Prerequisites for flexibility
A number of prerequisites need to be satisfied before flexibility can be introduced to make better use of the grid. We are working hard on these prerequisites. We are installing measuring equipment at many more places in the grid to obtain real-time information about the energy flows through our grids. Furthermore, we are developing the knowledge, software and capabilities to be able to regulate these energy flows, for example, by using a real-time interface to scale back solar panel energy generation during a major production peak. We are also providing access to data and sharing it with market parties and other stakeholders to enable them to respond better to fluctuations in the energy markets and the load on the grid.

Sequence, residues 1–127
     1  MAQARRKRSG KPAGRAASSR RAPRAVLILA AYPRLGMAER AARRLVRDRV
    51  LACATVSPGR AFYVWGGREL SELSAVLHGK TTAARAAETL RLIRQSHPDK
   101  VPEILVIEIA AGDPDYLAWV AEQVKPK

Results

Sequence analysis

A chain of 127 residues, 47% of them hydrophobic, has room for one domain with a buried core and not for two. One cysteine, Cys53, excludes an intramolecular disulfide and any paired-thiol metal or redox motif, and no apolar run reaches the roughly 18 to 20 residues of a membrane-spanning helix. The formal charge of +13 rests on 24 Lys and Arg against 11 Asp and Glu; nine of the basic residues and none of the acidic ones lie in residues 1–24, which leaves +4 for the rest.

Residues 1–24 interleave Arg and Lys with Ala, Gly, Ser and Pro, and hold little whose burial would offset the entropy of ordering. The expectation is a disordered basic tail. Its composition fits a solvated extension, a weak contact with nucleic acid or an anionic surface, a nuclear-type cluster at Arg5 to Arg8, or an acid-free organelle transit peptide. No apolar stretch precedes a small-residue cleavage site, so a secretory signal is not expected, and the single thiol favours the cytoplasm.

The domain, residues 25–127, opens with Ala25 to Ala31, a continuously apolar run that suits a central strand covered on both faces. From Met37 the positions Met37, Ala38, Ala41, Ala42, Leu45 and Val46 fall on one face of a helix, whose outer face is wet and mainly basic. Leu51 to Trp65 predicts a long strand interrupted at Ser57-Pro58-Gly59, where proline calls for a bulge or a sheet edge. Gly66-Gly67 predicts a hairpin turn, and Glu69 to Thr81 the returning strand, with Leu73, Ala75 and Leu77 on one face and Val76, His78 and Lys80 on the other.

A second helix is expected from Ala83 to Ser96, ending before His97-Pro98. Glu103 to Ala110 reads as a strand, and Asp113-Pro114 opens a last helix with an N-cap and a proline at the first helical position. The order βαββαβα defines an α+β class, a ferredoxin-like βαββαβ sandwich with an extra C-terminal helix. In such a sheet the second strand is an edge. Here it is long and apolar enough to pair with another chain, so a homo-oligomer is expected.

Sustainably produced hydrogen is an important part of the envisaged future energy supply. When and where that will happen and to what extent hydrogen will have a place in the energy system of the future is still uncertain. Because of the long useful lives of the gas networks, we must ensure that the choices we make are future-proof, and that includes decisions about hydrogen. When making changes to the gas network, we want to ensure that the network is ready for the introduction of hydrogen. We want to learn how to effectively use our existing gas networks for this purpose. We are exploring this for example in projects in Lochem and Oosterwolde.